RALEIGH, N.C. — The last time Scott Douglas saw his boat, the Queen Bee, it was bobbing away from him off the coast of Nantucket Island.
A large wave in a stormy sea had swept Douglas, who owned the Queen Bee, and his brother-in-law from the 26-foot fiberglass boat and into the water on that August day in 2008. They swam about 1.5 miles to shore and assumed a fisherman must have eventually found the boat.
In January, the U.S. Coast Guard came calling with the news that the center-console fishing boat, made by North Carolina builder Regulator, had been found in Spain. Douglas and his brother-in-law, Rich St. Pierre, saw the boat yesterday in North Carolina for the first time since they were washed off it.
“To me, it’s emotional,” Douglas, 59, of Lyme, Conn., said in a telephone interview ahead of a news conference in Edenton with Regulator’s owners and others. “It’s something I’ve been compartmentalizing pretty well. I’ve not lost any sleep. I’ve not had nightmares. And I won’t after seeing the boat. But to relive that day ... the boat takes me back to that day and the experience Rich and I had.”
That day was cool, cloudy and windy. The men decided to try to get through the inlet to the Atlantic in hopes that conditions were calmer there. But they weren’t.
“We got a little careless. We took our eyes off the water,” said St. Pierre, 69. A rogue wave, 6 feet above the boat and breaking, knocked them overboard.
Three things stand out about the boat: It was found. It was in decent shape when it was found. And it was found in Spain.
Lt. Joe Klinker, spokesman for the 1st District Coast Guard in Boston, said it’s rare for a vessel to drift from the eastern U.S. coast to Europe but not impossible. He surmises that the Queen Bee traveled north into the Gulf Stream and got caught up in the currents of the North Atlantic.
“The ocean moves, and it takes whatever is there with it,” he said.
The 1st District got the call about the boat partially because it said “Nantucket” on the hull, he said. Officers there put together the story after talking with Douglas.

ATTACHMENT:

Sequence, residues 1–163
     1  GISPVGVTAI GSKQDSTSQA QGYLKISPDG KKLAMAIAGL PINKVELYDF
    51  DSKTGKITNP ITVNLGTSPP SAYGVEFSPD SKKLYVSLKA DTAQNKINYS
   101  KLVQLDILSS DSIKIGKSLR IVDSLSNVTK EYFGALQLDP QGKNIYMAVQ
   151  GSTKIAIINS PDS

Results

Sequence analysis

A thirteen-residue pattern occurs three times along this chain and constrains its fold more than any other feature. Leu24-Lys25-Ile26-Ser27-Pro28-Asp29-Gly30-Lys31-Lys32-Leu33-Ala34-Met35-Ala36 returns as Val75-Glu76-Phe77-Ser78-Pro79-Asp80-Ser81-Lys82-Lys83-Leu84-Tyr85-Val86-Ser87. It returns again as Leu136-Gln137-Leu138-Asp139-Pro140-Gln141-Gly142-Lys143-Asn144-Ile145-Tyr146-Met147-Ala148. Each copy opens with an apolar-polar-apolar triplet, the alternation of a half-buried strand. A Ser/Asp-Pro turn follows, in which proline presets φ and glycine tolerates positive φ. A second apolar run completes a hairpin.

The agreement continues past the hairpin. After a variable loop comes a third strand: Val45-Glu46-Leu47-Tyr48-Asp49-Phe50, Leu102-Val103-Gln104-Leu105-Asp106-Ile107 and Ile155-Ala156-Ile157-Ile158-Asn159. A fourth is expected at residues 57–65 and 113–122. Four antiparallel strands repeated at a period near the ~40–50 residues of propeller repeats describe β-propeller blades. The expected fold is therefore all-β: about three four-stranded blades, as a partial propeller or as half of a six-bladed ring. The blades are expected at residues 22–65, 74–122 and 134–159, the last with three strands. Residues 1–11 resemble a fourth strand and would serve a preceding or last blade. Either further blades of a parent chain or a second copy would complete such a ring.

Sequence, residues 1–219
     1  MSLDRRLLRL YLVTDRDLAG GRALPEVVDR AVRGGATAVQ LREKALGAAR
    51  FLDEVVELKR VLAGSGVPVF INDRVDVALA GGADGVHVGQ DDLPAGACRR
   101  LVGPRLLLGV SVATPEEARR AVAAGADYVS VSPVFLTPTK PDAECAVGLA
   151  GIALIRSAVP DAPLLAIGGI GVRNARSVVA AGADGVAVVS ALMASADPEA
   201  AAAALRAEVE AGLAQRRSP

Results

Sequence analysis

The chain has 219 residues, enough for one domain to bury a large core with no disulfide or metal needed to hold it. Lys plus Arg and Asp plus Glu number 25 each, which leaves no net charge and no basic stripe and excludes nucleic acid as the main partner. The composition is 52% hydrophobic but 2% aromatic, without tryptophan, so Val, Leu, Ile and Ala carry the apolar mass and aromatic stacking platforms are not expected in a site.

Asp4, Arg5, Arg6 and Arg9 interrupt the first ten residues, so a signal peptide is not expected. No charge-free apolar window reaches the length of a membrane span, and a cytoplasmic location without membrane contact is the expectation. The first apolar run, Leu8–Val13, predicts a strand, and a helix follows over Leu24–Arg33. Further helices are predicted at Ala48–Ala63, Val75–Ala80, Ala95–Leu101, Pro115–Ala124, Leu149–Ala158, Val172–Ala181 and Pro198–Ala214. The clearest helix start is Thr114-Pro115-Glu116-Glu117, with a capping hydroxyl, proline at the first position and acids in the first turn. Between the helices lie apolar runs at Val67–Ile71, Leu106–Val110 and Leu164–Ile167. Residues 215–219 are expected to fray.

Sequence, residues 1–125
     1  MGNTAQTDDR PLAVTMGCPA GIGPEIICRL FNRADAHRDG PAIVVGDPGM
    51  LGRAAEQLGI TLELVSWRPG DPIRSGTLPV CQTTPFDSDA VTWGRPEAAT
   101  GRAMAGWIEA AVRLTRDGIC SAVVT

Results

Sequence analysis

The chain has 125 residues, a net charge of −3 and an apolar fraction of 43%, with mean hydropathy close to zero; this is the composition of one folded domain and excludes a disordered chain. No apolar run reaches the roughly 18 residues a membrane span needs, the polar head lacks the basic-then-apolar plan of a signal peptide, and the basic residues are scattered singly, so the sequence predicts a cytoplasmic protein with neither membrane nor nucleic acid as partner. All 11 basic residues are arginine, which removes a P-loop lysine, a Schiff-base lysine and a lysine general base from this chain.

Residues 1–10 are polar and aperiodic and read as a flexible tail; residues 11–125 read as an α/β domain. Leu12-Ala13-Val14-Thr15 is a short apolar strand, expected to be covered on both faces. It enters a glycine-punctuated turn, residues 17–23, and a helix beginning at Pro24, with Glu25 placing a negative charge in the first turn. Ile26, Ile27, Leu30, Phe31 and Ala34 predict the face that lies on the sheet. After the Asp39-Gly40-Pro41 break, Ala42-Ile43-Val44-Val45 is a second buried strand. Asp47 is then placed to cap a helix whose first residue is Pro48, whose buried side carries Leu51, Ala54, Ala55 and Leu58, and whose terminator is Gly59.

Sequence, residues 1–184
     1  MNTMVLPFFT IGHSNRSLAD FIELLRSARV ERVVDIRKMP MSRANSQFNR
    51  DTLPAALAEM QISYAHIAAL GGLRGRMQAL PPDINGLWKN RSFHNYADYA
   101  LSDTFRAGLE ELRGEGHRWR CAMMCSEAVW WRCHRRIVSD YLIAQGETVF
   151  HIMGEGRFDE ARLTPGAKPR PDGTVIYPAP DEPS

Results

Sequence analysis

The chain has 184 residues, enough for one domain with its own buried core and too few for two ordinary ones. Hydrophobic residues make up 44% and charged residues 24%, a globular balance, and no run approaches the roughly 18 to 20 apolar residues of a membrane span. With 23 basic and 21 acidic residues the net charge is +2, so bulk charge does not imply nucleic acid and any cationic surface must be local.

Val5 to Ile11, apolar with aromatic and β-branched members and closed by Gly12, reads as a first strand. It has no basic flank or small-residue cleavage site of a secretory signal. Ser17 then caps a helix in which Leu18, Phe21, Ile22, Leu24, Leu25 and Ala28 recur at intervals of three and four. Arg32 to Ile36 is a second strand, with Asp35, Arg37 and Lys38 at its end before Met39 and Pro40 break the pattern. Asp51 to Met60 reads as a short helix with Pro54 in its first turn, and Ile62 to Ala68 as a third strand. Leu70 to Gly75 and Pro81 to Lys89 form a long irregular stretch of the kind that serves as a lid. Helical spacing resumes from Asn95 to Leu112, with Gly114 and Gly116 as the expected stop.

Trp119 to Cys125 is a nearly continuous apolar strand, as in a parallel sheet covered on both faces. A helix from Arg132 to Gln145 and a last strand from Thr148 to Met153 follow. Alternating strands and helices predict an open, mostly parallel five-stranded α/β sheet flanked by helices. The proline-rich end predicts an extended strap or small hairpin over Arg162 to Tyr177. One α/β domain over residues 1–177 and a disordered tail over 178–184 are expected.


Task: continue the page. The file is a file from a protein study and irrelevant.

Spain could have claimed the boat but didn’t want it, said Joan Maxwell, co-owner and president of Regulator, which employs 73 people and makes 120 boats a year. So the company eventually reclaimed ownership after Douglas said he didn’t want it back. Regulator plans to take the Queen Bee to shows as evidence of its boat-building expertise. Maxwell hopes it eventually will end up at the shipwreck museum in Nantucket.
Barnacles coated the Queen Bee when it was found, and it appeared to have been hit by a ship because it showed signs of impact on the port side, Maxwell said. The T-top, which provides shade, was damaged, and the deck cap was pulled off, she said.
Otherwise, it was in good condition. Cushions were still on the seats; a nickel remained in the glove box.
Regulator traded in the Queen Bee’s batteries. The twin outboard engines remained. Most of the hatches were gone, but their hinges remained.
“It’s absolutely amazing the things that are still there,” Maxwell said.
Douglas, who bought the Queen Bee in 2003 for just over $100,000, now owns a “much slower, older boat” â€” a 26-foot bass boat. St. Pierre has moved to Nantucket from New Jersey, where he lived at the time of the accident
“We had an awful lot of good times on the boat,” St. Pierre said. Seeing it again “brought back a lot of fond memories. The last we saw of the boat, it was happily sailing away from us.”
Martha Waggoner can be reached at http://twitter.com/mjwaggonernc